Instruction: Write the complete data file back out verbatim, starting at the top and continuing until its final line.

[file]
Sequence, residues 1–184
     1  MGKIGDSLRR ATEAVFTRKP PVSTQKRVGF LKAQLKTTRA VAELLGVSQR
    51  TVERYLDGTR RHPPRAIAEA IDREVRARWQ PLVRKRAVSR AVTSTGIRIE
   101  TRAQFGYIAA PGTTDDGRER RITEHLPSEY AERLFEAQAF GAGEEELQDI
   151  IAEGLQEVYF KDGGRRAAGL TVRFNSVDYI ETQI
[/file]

Sequence, residues 1–184
     1  MGKIGDSLRR ATEAVFTRKP PVSTQKRVGF LKAQLKTTRA VAELLGVSQR
    51  TVERYLDGTR RHPPRAIAEA IDREVRARWQ PLVRKRAVSR AVTSTGIRIE
   101  TRAQFGYIAA PGTTDDGRER RITEHLPSEY AERLFEAQAF GAGEEELQDI
   151  IAEGLQEVYF KDGGRRAAGL TVRFNSVDYI ETQI